The Courier News from Blytheville, Arkansas on November 17, 1950 · Page 8
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November 17, 1950

The Courier News from Blytheville, Arkansas · Page 8

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Blytheville, Arkansas
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Friday, November 17, 1950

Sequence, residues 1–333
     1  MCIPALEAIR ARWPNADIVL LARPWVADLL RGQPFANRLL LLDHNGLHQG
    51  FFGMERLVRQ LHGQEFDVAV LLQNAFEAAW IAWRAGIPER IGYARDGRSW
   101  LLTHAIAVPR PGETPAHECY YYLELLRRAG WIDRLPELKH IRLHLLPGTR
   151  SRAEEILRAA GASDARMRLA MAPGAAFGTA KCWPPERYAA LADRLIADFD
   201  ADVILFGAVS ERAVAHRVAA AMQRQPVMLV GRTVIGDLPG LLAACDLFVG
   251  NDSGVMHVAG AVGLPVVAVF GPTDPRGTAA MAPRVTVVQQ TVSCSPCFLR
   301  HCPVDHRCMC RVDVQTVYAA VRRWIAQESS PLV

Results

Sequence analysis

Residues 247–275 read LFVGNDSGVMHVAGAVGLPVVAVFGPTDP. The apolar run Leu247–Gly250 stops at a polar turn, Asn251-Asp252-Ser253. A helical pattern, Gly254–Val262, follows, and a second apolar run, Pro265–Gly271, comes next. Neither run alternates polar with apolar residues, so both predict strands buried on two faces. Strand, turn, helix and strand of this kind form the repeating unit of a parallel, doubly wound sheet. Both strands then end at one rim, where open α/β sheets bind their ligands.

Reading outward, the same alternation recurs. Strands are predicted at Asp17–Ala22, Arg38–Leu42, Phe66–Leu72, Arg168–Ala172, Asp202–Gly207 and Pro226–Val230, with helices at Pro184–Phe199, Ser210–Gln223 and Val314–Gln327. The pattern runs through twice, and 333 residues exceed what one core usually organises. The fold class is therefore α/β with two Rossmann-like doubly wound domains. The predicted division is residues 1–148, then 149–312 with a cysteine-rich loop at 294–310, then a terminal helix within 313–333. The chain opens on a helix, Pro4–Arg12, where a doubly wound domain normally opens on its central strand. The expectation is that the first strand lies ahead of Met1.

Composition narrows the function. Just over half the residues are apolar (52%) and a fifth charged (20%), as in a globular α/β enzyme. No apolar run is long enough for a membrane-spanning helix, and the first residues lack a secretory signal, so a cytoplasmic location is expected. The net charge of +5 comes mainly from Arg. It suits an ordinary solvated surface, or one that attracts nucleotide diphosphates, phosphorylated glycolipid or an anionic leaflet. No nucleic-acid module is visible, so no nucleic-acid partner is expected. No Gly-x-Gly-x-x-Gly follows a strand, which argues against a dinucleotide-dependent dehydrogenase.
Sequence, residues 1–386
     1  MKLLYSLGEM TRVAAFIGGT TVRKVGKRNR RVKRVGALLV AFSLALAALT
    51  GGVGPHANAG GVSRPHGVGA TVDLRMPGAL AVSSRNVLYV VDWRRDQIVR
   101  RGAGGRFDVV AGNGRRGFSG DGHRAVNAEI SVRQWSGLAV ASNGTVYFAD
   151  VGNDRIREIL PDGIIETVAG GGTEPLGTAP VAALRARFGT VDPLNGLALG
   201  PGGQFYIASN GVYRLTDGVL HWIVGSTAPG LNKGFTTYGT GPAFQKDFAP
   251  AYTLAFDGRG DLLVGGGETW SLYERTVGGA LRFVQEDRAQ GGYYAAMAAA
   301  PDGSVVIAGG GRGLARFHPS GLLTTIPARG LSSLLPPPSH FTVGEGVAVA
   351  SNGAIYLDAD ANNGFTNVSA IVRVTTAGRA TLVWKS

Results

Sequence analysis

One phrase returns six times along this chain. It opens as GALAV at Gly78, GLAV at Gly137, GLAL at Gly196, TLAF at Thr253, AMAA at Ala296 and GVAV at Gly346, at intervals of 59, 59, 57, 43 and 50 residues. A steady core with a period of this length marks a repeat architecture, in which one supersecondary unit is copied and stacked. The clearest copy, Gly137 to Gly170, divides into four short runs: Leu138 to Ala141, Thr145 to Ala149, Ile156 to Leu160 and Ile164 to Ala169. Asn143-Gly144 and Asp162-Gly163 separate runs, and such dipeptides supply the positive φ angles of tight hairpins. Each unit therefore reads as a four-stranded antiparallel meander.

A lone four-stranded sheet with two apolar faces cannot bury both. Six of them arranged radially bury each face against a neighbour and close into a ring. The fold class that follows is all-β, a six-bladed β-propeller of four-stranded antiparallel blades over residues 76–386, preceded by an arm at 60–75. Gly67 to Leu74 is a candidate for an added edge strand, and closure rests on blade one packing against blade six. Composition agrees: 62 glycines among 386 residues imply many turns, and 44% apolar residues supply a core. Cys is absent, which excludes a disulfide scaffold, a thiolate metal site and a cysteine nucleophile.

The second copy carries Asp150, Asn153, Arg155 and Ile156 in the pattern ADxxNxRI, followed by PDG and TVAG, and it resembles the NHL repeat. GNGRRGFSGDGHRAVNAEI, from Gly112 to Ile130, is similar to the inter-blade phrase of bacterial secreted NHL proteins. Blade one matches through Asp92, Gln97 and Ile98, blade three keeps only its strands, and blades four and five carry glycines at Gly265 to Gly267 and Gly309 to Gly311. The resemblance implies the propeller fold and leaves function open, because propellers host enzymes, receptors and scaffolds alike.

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PAGE EIGHT "¥•"•*». BLYTHEVTLLE (ARK.)" COURIER NEWS Pigtkin Pickings • Things »re Batting tou«h *11 over In this football prognosticating butineu. It'« getting where we ein'b even guest the set-ups. Last week's mrprlses sent our batting average down like » one-track yoyo. Take for example VMI upsetting Georgia Tech, Texas A. and M. stopping SMU. Louisville tying Miami and Jonesboro winning » game. But, BE we have Mid before, there's no stopping us. Bljlheville <t Marked Tr«*: The Chicks scheduled this game us a tune-up for the playoff and on paper It should be just that. Marked Tree has had its troubles of late but on the other hand still managed to give Paragould a whale of a good game. And somehow we can't get the Blytheville-Osceola junior game out of our mind. Just' guessing and hoping: BlytheviUe by 24 points, Earle »( Osceoli—This Is the blue chip game for both the Bulldogs §nd the S«niinoles with the district B championship and a trip to Hie state playoff in the kilty. It could be trouble for Osceola but we'll string along with Dukle Speck's boys. Osceola by 12. SMU at Arkansas—Anyone know of any reason why we should pick Arkansas? SMU by 18 disgusted points. Others—North Little Rock over Jonesboro; Texas Agcles over Rice; Texas over TCU; Alabama ever GwrsU Tech; Florida over Miami; I.SU over Mlululppl SUl*; Tennrute over Mississippi; North Carolina over South Carolina; Wake Forts! ovtr N. C. State; Tulane over Virginia; Washington ov*r Southern CaJ; Army over Stanford; Ohio SUl* over Illinois; Notre n>mf. mrr Iowa; Nebraska over Iowa Stale; Michigan over Norlh*e»lern; Michigan State ovtr Pitt; Minnesota over Purdue; Oklahoma over Missouri; Penn over Wisconsin; Princeton over Vale; Navj over Columbia. About Rusiellville, Ky. The Ink had scarcely dried on the Polio Bowl contract before questions began swarming into this department. "Just who, where or what IE-this Russellville, Ky., anyway!" Chick fans wanted lo know. And offhand we couldn't answer them, So we set about to find out and we sort of wish now we hadn't. It the answers we got are correct, we had just about as soon take this bowl business In the dark. We questioned Charleston, Mo., authorities rather thoroughly about "this Russellville, Ky.," and here are some of the answers. Russellville is a cozy little city ot between 5,000 and 7.000 in the western section of Kentucky about 35 miles from Hopkinsville. It's main assets are lobacco and a high school football team that claims Ihe honor of being one of the state's best,: Russellville is undefeated and Is the Western Kentucky Conference champ rated right along with Paducah as • high school power of the state. "It's the foolball-erailest (own I have ever seen,** Bill Webb, Charleston Klwanlan, reported without so much ai a twitch of Ihe mouth. "Just plain old football craty. It looks like they built a school ' and then built the town irnund the school. It's a Ane (own with a fine football team." And a little later we learned that Russellville nuns the goose eggr on Mayfield, Ky., to the tune of 46-6 and at the time Mil-field was being considered for U» Polio Bowl Invitation that ' Knssellriile rot. Parting Shots ' Pop Mosley, the-Chicks', veteran trainer who had never hunted deer until two years ago when he was presented with an all-expense trip to the BlytheviUe Hunting Club's camp In Priilllps County as a "Pop Mosley Night" gift, has now become of »ge as a deer hunter. He got hfs first buck, a 160 pound "spike" Tuesday while-hunting at the same camp. It »'as one of the four bucks reported killed In the camp as of yesterday morning. C. G. Redman got one-of the others, » six-pointer which also was his first kill. Largest..of the four was »n eight-pointer bagged by Ben Abbott. . . It looks like Otis Douglas might have started something when he cut two football players from his squad for failing lo attend classes. Now, Auburn's Earl Brown has come along and ejected a 210- pound lackle for the same reason. Next thing you know, college coaches will get the Idea that football players should be studenls, too. Wilson Observes Homecoming With 46-6 Win Over Burdette WILSON, Nor. IT. — Wilson High School's Bulldogs celebrated their homecoming In i big w»y here last night, trounchlng Burdette's Pirate* *«-«. . In a pre-game ceremony Ml*s^ — Helen Harnden was crowned 1960,- , . t football queen by Bob Arrester ,| MyjfgflQ^ f fjp Bulldog captain. Miss Harnden was attended by maids Virginia Ellen Bird, Jeanne Trannum, PaUy .Greenwell and Peggy Bowen »nd crown bearers Jimmy Bowen and Masha Beall. The Bulldogs scored three touchdowns In the first period with halfback H. P. Cash and .tailback Edwin Webb plunging over from Inside the 10 yard line and end Bill Ryals scoring from 55 yards out on an end around. Tom Boyles picked up one of the extra points to give Wilson an 18-0 first quarter lead. K-0 at Halfllme Cash scored twice more for the Bulldogs In.the second quarter and got both extra points to ; give Wilson a 32-0 margin at halflime. The third period went scoreless but in the fourth both teams tallied. Webb added another six points to his string early in the period when he plunged over. Wilson final marker came when Captain Forrester, a tackle, scored on lateral off an end around play from five yards out. A fumble recovery set up Burdette's lone score on the final play of the game. The touchdown came on a five yard pass from halfback Daniel to end Billy Conner. Starting for Wilson: Burch. left end: Alexander, left tackle; Keel. left guard; Garrett. center; Deer, right guard: Forrester, right tackle; Ryals. right end; Muncy. quarterback; Cash, hallback, Webb, tailback; Boyles, fullback. Magnolia Defeats Arkansas College BATESVTLLE, Ark.. Nov. 17. (AP) —Magnolia A. and M. defeated Arkansas College. 47-0 in this week- End's lirst Ate football game here last night. Twice in the first period Arkansas College almost scored, setting to the one-yard line and HIE three- yard line. The Highlanders never threatened thereafter. Also scoreless in the first period Ihe Acgiei piled up 27 points in the next quarter and added the remainder In the second half. Mules 2-1 in Y Soccer Action The Mustangs made it three straight over loop opponenls In the "Y" Junior High Soccer League yesterday afternoon by defeating the stubborn Mules 2-t In a rough, hard-fonght contest at Little Park. The Mules assumed the lead early In the second period on James Ryan's kick from far out. The Mustangs came back to tally late in the same quarter on Jimmy Bratcher's booming kick which trickled off the goalie's fingers and through the uprights. Their second goal was the result of good team work on the part of Jimmy Watson and Bobby, Smith. In a wild charge near the Mules' goal posts. Watson flicked the ball out In front of the goal and Smith booted It through for the winning point. Ryan and Caplain Billy Colston teamed up for the Mules to make a tough assignment for the league- leading Mustangs, playing well both offensively and defensively. Mfcsco Conr/cfi GiVen Reduced Prison Terms Five. Mississippi County convicts yesterday were given new prison sentences when Governor Sid McMath reduced the life sentences of 57 Arkansas prisoners. Length of the new sentences range from 30 to 45 years and make the men eligible (or parole, pardons and restoration of citizenship. The county men are Will Washington, sentenced Oct. 23. 1935: Henry Motley, sentenced Nov. 13, 1931; Willie Banes, sentenced Dec, 21, 1937; Jesse Blair, sentenced March 25. 1935; and Robert Thorbes. sentenced Oct. 16. 1935. All have been out, of the penitentiary for at least three years. the Delaware l s the slate with me lowest elevation, averaging around 60 feet; Colorado averaging 6.800 feet, has the highest. TO THE CITIZENS IN THE THIRD WARD Thank you very much for your suppm-f and vole In the recenl election. As one of your Aldermen I shall Ho everything possible (o merit your confidence in me. &AN A. BLODGETT FBIDAY, NOVEMBER 17, 1950 Chicks PlayMarkedTree Tonight-Paps End Season With Win TrinA CaaLinM *i — -=• ^^==——————————, —*• • •* . No, 61 58 69 TO 65 81 60 13 56 55 57 Probable Starting Lineups Bljlherill* Mai-kerf Tree Wl. 160 187 165 182 170 180 Ted Vance Bill Boyd Bill Mayo J. O. Droke Leroy Criner Qulncy Hodge Mack Hay Dick Reid Mel Hay Charles Lutes Ro'eirl Reid Avenges Line—160 Backs—173 Team— m 163 180 160 190 Fos. L.E. L.T. L.G. C. R.O. R.T. R.E. CJ.B. II.B. H.B. F.B. Tribe Victory No. 10 Mosleymen Favored Over Indians; Team To Be ot Full Strength Blythevillc's unbeaten and untied Chicks will try to tune up for next week's state playoff opener tonight when they invade Marked Tree for a game with Marked Tree High School's Indians. This game was booked only last week as a fill in for an open date on the Chicks' schedule. The Tribe will be after win No. 10 and are favored to get it.. According to all advance Information the Chicks should have little trouble with the Indians but Coach Russell Mosley, remembering Osceola's upset victory over the Bly- theviUe juniors last week, hns spent the entire week in fighting over confidence Among his players. He sent the Chlcks.throueh heavy drills three days this week and capped them off with dressing room sessions during which he warned them against, 'becoming over confident and to accept this game just as if it was a battle for the slate championship. Chicks Have Ailranlate The Chicks will hold the edge in ~ — — j —~~ every department. Marked Tree will l ' on came up at a Joint meeting of field a light team but one that fea- speed and \Vt. Player KB. U5 Bobby White 24 161 Jimmy-Payne 44 147 Frank Dean 27 152 Troy Kelly 35 US Bobby Ford 33 173 Bill Provost 43 158 Don Canada 37 > 130 Bill Jennings 47 141 Don Adamson 32 128 Jack Brewer 22 142 Johnny Prince 40 Averages Line—155 Backs—133 Team—148 Series Radio-TV Fees Will Go for Pensions lure* speed and rteceptlvcness. Coach Kohn Bray wil; loose three light-footed, backs against the Chick.s in hopes ot off-setting the Tribe's weight and power advantage. Marked Tree this year has witnessed only a fair season. One that was marked with numerous injuries. Last wek they were thumped soundly by class B Earle and could easily be on the re-bound tonight. The Indians are class A and were beaten out of the state playoff by District Three champion Paragould. But the Bulldogs had their hands full in doing it. managing to scrape by their perennial rivals by a narrow one-point margin. The Chicks are expected to be at full strength this week, thanks to last week's open riale. Charles (Ruff) Lutes will be ready to ramble at his regular halfback post and Joe Toiiilinson, a defensive halfback, has recovered rrom a mouth Injury and will see service tonight. Navy Seeking Easier Slate; Buckeyes Cut ANNAPOLIS. Mri., Nov. 17. Will's official now. Navy Is out looking for an easier football schedule. This.became public property last n!ght; : 'when ohlo State announced It was- cancelling its home-and- home series with the Naval Academy—at Navy's request — for 1952 and 1953. And don't be too surprised If a couple of other nationally ranking teams are scratched off future Navy schedules. It Is reported reliably that Navy is trying to ? ct off the hook with Rice, powerhouse of the Southwest, booked for the next two years. It seems a verbal agreement is the only strand holding the link together, and that was made by Captain Tom Hamilton, who Is now athletic director at Pitt. A break in the 24-year-old series with Notre Dame Isn't out of the question. Although earlier this week both schools denied a published report future games would be called off. the scheduling between the two remains on a year-to-year basts. Notre Dame reportedly this year wanted to book Navy through 1051. But Navy salt! no. It preferred no binding agreement beyond 12 months. You can't blame the Midshipmen too much. Afler all. since 19.15 they have won six, lied three and have come out on Ihe losing end 34 times. During the war years, with a wealth of material at their beck and call, the Middles stood up quite well against anything that came their wax-. due to a change in the athlr.ll policy at the Naval Academy and Its attempt, to lighten and moderate its schedules." In I860, total value of U. S. man- iifacturinc was two billion dollars in IS129 It exceeded 70 billion. By HAROLO HARRISON CINCINNATI, Nov. 17. IX'i— Major League's baseball bosses in terms of a lot of dollars yesterday. They decided to turn $975.000 of+- : revenue from 1950 world series radio and television rights Into a fund for payments of annuity and life insurance for ball players. And they paid out $239.500 for 25 players they drafted from minor leagues. The radio-television money situa- lalked Shawnee Knots Harrisburg 6-6 Homecoming Game Spoiled for Indians; Housman Scores JOINER, Nov. 17.—Shawnee and Harrisburg battled to a 6-6 draw- here last night before a large homecoming crowd. In a pre-game ceremony Miss MR. ble Housman was crowned as 1950 Shawnee football queen. She reigned over the game and was attended by maids Bettye Bagwell, Bette Welch and Joyce McPatridge. Harrisburg drew first blood scoring in the first minute of play but failed to get the extra point. The visitors threatened once in the opening quarter but were thrown back by the Indians. The second quarter went scoreless with both teams playing tight defensive ball. The Indians broke loose in the third quarter and got a sustained drive under way that carried 70 yards to their touchdown. Sonny Housman picked up the six pointer by plunging over from three yards out. Shaw-nee saw an excellent scoring opportunity go for naught in , - — ,..-.,-... ~... & the late stages of the game due to picked off the minor league rasters a penalty. A pass completion put at a total cost'of J239.500. ' the ball on the Harrlsburg 10 in of " " ' "' " the American and National Leagues. It took less than llirce minutes to decide what to do with that money. Player representatives Freddie Hiitchinson of Detroit and Marty Marion of the St. Louis Cardinals had already agreed the mono should go Into the Baseball Central Fund. Committee Set tip Prom that Is paid a big share oi the pension-insurance fund premiums. Walter Mulbry, secretary of baseball and secretary of the fund, says It now takes between $500,000 and S600.000 a year from the central fund to keep It going. More can be paid at any time it is possible and the baseball magnates decided to have a three-man committee decide whether an effort should be made to pay off the eventual premiums ahead of time. Some of the players ha.5 asked previously .that part of the radio- television money be diverted to players on clubs which finished among the first four in each league. The draft found 25 players being —Courier News Phnto SHAWNEE QUKKN—Nfiss Mable Housman {center) was crowned football queen of Shawnee High School last night In ceremonies preceding the Shawnee-Harrisburg homecoming game at Joiner, Attending her were maids (left to right) Bettye Bagwell, Bette Welch and Joyce McFatridge, Sellout Crowd Expected to See Porker-SMU Gome Tomorrow By CARL BELL * LITTLE ROCK, Nov. 17. (AP)—Possibly Arkansas' largest, football crowd of alt time will see tomorrow what the wildest offense in college football can do against a pro-styled defense designed especially to coin- bat forward passing. •- Twenty-two of those 35 came from Class AAA clubs which are involved in a mixup because the Pacific Coast League wants to be exempt from the draft. One proposal still hanging fire is that the draft price be hiked for clubs in those leagues. Kansas City Hit Hard Thirteen of the sixteen clubs drafted one or more men. The only ones which passed the whole thing were the St. Louis Cardinals. New- York Giants and Brooklyn Dodgers. Eleven ot the 25 draftees have been in the major leagues previously. The drafted group was made up of 12 pitchers, eight infielders, three catchers and two outfielders. Hardest hit was Kansas City of the American Association which could do no better than last in the American Association in 1950. The Bines, a New York Yankee farm club, lost three players. Two ot those taken from Kansas City were bonus players. Paul Heimichs, a pitchers and Richard Dale Lone, a first baseman. The third player was Jack Cusick, a shortstop. possession of the Indians but a penalty nullified the play. The Indians will end their season next w:eek against Lepanto. N O T I C F. Notice is hereby given that a petition to abandon that part of Thirteenth Street (formerly James Street) In the city of BlythevUle. Arkansas, that extends north from | West Main slrcct through Clyde t Robinson Addition, has been filed i with the City Council of the City | of BlytheviUe, and lhat on the 12th day of December, 1950. (he council will hear said pelition and deter-,.,,„ ^- _, , mine whether such properly should I no- Ohio S ate announcement be abandoned and vacated as a said Ihe cancellation "came about street, and whether all abutting property owners and other persons directly Interested in said mallei have consented to such abandon mont. Dated this Uth day of November 1950. W. I. Malln, City Clerk Chicago Cubs Offer to Settle Springfield Debt SPRINGFIELD, Mo., Nov. 17. (1ft —The Chicaqo Cubs have advanced a proposal to clear a $21.500 mortgage they hold on the Springfield baseball park. The Cubs said yesterday Ihey would give Springfield a Western Association franchise if paid only half of the amount owed. Springfield lost its hookup with the Cubs last season. John shcehan, director of the Cubs' farm system, sairi. yesterday the Cubs will not. give Springfield a working agreement. He added that Topeka will have a working agreement "if we decide to operate in the Western Association next season." The. Association has informed baseball directors they have until Nov. 21 to post their cash deposits nnd guarantee letters if they plan to field a team next sca.son. United States stamps are of some 47 different varieties and In 15 different shades. The schedule lists It simply as Southern Methodist vs Arkansas. But the paying customers know SMU's Mustangs as offensive wonders, the lap passing (cam tn the nation. They know, too, that, while down and out In the won-lost column, the Arkansas R3z->rbacks have been most successful against teams which depend on throwing the ball. Allan Berry, manager of War Memorial stadium here, site of the scrap, said today the turnout probably would range between 33.000 and a full house of 35,000. The creates! attendance ever recorded at"a football game In Arkansas was 33,000 for, the Rlce-Razorback tilt here in 1948. SMU Strong Favorites SMU, with aerial specialist Fred Benners and triple-threat Kyle Rote was the ringleaders, will be on the rebound from two close but rude setbacks which dumped it from the lofty perch of No. 1 team in the nation. After winning five straight. the Mustangs have fallen on successive Saturdays before Texas and Texas A. <fe M.. Southwest Conference front-runners. The visitors from Dallas, however, will be strong favorites to return to their winning ways. With Benners, Rote and half a dozen outstanding receivers uppermost In mind, Arkansas Coach Otis Douglas has had his Razorbacks working overtime this week. He hopes his tight man-for-man defense is the answer to the SMU aerial circus—just as it has been successful for the Philadelphia Eagles In pass-happy professional circles. At the same lime, however. Douglas hasn't overlooked trying to sharpen the Arkansas offense. He realizes that the more the Razorbacks can control the ball, the less the. Mustangs will have It to throw around. Porkers Scconrt In Rushing Arkansas is the conference's No. 2 rushing learn and has tried the second-most passes of any Southwest eleven although it is in the league cellar. Which points to an offensive duel with the pmnt-mad 11,16-2; • U. S. No. 1 Permanent Type ANT1 FREEZE 3 Per Gallon SO GOODYEAR SERVICE STORE Ponies. Tne Razorback attack may have a new look. Whether he will start Isn't certain, but Larry HOEJUB will see more time at quarterback as the result of a brilliant performance against Rice last week. Ray Parks and Buddy Rogers again are due to start at halfbacks, with Lewis Carpenter at fullback. SMU Coach Rusty Russell has ready the five boys, from which he picks his regular backfield — Benners. Rote, Rusty Russell. Jr.. Johnny Champion and Pat Knight. Each learn will be hampered slightly by injuries to' defensive players. A knee., injury has forced Johnny Cole, fleet Arkansas safety man, to the sidelines for the season. Juniors Defeat Walnut Ridge 12 to 0 Game Clous Season; Children And O'Dell Score The BlytheviUe Junior HjA Papooses closed out their lot*' football season last night by taking the Walnue Ridge Bob- kittens 12-0 at Walnut Ridge. The victory gave the Paps & season record of six victories against only two defeats. Their losses were to Joncsboro by a 19-14 score and a 6-0 upset decision lo the Osceola Juniors. The Paps struck first in the opening quarter. Drewy O'Dell, who was shifted from end to quarterback to replace the injured Ralph Snyder Intercepted a Walnut Ridge pass at midfield and returned it to the Walnut Ridge 30 to set up the tally. Three plays carried the ball to the 25 and on the fourth reserve halfback Danny Bdgeman, on a reverse play, circled end to go all the way. The extra point try was missed on a bad pass from center. The second quarter went scoreless with both teams playing good defensive ball and the Paps led 6-0 at halftime. Chlldress Scores The Paps scored again on the first play from scrimmage after the kickpff opening the second half. The kick went out of bounds and the ball was given to the Paps at the 40. on the first play fullback Bob Childrcss galloped the remaining so yards to pay dirt Kenneth Fisher kicked the extra point but a penalty nullified the sco^, Late in the game the paps drllk to Ihe Walnut one foot line 'Mi there halfback Tommy Mosley lum- bled and Walnut nidge recovered. The Bobkittens tried two running plays nnd on the third play passed but O'Dell intercepted and ran for a touchdown. A penalty however, nullified the score. Except for several fumbles thai cost scoring opportunities, the paps played well both offensively and defensively. Their blocking was sharper and the line play stronger than in last week's Osceola game. Starting for the Paps were Walker and Gilbow at ends. Jones and Michael a t tackles. .White and Birmingham at guards, privett at center; O'Dell at quarterback, Mosley and Blankenshlp at halfbackj and Childress at fullback. Substitutes we're Spencer, Hay, and Skelton. Livestock NATIONAL STOCKYARDS, III Nov. 17. W)—(USDA1—Hogs floOO bulk good and choice 110-240 Ibs Ice cream, so far as is known, first, was made and eaten durlnz the 16th century In Italy. 15.50-16.50; good and choice sows 100 Ibs down 16.25-17,25: heavies sows 15.75-16.00; slags 12.50-laj bsars lO.tlO-1350. C.-.ttle BOO: calves 600; odd lots - - — ju:i; medium lightweight steers and 18.25-50; top 18.50. mostly for 1-cif-rs 2-1.08-23.00: common and weights under 200 Ibs; 2-10-210 Ibs medi"in cows hvaely 1950-2100' 18.00-25; 210-310 Ibs 17.50-18.00; 140- odd heart sood to~T200- cnnners 160 Ibs 17.00-18.00; few 110-130 Ibs I and cutters" 15 50-in 00 r Sour Mash is your Key to True Bourbon Satisfaction Old Fitzgerald is acknowledged to possess a flavor all its own, instantly recognized by any judge, and preferred over all other bonds in Kentucky where men know bourbon best. The reason is the genuine old fashioned Sour Mash manner in ' which it is made. We scorn modern distilling short-cuts which speed production, stretch grain, cut cosfs. Consequently, we sacrifice none of the distinctive flavor and quality on which the reputation of Kentucky whiskey waa originally built. '•• 101^ BONDED KENTUCKYSTKAIGHT IGURiON WHISKJY— 100 PDOOr OLD FASHIONED. .. OLD FITZGERALD G.nuin. SOUR MASH Bourbon Moon Distributing Co. Ultle Rnck. Ark. STtTZIL-WEUtX PISTlUtRY, 1ST. LOUISVIUI, UN7UCKY, (M»